In June 2014, the Syria Humanitarian Fund (SHF) was initiated after the decentralization of the Syria Regional Emergency Fund, which covered Jordan, Lebanon and Syria. The SHF is led and managed by the Humanitarian Coordinator (HC) for Syria to support the delivery of country-led response plans.
The Country-based pooled funds in the region have been designed to support and align a comprehensive response to the Syria crisis by expanding the delivery of humanitarian assistance, increasing access, and strengthening partnerships with local and international non-governmental organizations (NGOs).
Objectives of the Syria HF
The SHF mobilizes and channels resources to humanitarian partners to rapidly address the most critical emergency response needs for the millions of people affected by the humanitarian crisis in Syria. The Fund operates under the leadership of the Humanitarian Coordinator, within the parameters of the Humanitarian Response Plan (HRP), and in accordance with priorities identified by the Humanitarian Country Team.
Specifically, the SHF aims to support life-saving, protection, and life-sustaining activities by filling critical funding gaps; promote the needs-based delivery of assistance in accordance with humanitarian principles; improve the relevance and coherence of humanitarian response by strategically funding priorities identified in the HRP; and expand delivery of assistance to underserved and high severity areas through partnership with the best placed actors.
• Addressing emerging and new priorities. SHF will support scaling up country preparedness and response operations of COVID-19 pandemic, among other emergencies as identified by the Humanitarian Coordinator and HCT. While two allocation (standard and reserve) modalities will be used to respond to humanitarian needs, reserve allocations will be issued only for new unforeseen and emergency needs identified by the HCT and operational partners.
• Helping cover priority gaps in the HRP. The SHF will prioritize life-saving needs; protection support for women and girls including gender-based violence; reproductive health and women empowerment; people with disabilities and the elderly, education programmes for young people and life-sustaining needs in the most underserved, high severity areas and resilience programmes mainly for returnees in areas shifted control.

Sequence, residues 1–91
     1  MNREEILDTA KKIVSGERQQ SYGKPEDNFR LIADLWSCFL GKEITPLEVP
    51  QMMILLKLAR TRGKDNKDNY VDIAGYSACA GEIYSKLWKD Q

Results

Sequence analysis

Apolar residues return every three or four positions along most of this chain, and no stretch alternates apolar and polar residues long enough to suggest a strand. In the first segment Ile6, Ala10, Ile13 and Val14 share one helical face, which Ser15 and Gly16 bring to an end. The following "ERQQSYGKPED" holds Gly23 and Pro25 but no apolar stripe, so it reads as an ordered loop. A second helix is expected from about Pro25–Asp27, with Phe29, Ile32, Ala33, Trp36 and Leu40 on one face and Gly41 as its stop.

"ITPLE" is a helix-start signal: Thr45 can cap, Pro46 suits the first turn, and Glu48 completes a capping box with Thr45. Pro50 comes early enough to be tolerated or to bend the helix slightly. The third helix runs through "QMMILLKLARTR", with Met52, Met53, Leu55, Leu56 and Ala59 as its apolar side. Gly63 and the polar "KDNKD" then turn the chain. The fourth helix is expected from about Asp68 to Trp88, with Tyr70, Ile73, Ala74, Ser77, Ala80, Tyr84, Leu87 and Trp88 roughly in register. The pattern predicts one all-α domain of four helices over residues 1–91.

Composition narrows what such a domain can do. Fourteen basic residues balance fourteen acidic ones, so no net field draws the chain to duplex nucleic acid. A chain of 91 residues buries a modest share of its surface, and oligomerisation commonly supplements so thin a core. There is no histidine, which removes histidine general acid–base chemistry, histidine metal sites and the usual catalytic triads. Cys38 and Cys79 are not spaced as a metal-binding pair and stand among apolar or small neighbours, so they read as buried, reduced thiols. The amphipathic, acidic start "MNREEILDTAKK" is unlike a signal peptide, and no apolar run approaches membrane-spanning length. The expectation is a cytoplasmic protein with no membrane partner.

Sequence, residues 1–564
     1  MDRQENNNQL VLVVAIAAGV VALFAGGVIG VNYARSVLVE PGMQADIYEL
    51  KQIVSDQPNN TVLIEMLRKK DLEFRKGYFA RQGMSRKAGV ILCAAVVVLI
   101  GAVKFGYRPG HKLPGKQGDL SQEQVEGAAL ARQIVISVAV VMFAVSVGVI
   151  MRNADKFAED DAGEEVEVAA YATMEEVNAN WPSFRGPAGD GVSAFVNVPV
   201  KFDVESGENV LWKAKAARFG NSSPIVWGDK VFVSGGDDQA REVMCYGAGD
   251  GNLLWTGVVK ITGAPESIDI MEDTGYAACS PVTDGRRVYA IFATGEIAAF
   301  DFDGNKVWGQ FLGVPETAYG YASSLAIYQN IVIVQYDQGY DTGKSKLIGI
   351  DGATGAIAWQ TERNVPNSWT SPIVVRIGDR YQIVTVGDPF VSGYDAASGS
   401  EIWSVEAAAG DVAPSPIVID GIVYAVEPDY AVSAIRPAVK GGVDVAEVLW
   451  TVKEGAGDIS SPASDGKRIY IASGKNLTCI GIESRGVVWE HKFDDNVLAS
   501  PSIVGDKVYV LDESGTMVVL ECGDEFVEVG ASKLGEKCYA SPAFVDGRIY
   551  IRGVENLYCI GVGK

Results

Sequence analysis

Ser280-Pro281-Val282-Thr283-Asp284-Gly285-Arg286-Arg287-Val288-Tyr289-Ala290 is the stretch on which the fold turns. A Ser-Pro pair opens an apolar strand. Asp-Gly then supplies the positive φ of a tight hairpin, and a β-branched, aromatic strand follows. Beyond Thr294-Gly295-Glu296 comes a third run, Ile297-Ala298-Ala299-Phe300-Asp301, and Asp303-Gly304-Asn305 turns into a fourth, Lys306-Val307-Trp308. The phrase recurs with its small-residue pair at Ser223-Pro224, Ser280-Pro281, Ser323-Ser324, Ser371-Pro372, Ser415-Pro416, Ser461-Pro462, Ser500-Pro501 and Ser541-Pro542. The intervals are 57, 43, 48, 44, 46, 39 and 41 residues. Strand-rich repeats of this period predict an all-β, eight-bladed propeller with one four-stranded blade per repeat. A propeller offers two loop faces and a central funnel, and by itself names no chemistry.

• Leveraging on diversified SHF-partnerships in the delivery of humanitarian assistance. The SHF will continue to support projects which address critical gaps in sector strategies and expand coverage to areas of highest need using different partnerships while prioritizing best placed partners in the response. Local partners with access and capacity will be prioritized in the implementation of SHF projects to enhance community engagement, ownership and enhance sustainability in deliverables.
• Improving the relevance and coherence of the humanitarian response. Funds will be strategically allocated based on the needs identified in the HNO and within the parameters set in the HRP, in addition to emerging crisis. Independent assessments of needs and priorities identified by the area HCTs as well as by partners on the ground will inform allocations. Priority sectors will be supported at national and sub-national level in and promote integrated programming/responses to identified needs.
• Strengthening risk management and accountability frameworks to enable effective use of resources and value for money. Frameworks will be solidly based on the context and SHF operational manual within the CBPF global guidelines handbook
• Supporting and strengthening HC coordination mechanism. The SHF will remain a pivotal strategic tool used to strengthen and enhance coordination mechanism between the HC and all stakeholders including response to newly accessed areas as well as coordinated response in onset crisis and underserved locations.
• Expand visibility of SHF-funded projects through various media and communication outlets, including donor visibility and that of partners, to convey messages on needs of the affected population, the effectiveness of the fund, and provide operational update.
In 2020, US$68.4 million were allocated through the SHF, to 50 partners running 96 projects, resulting in humanitarian assistance reaching 5.5 million people.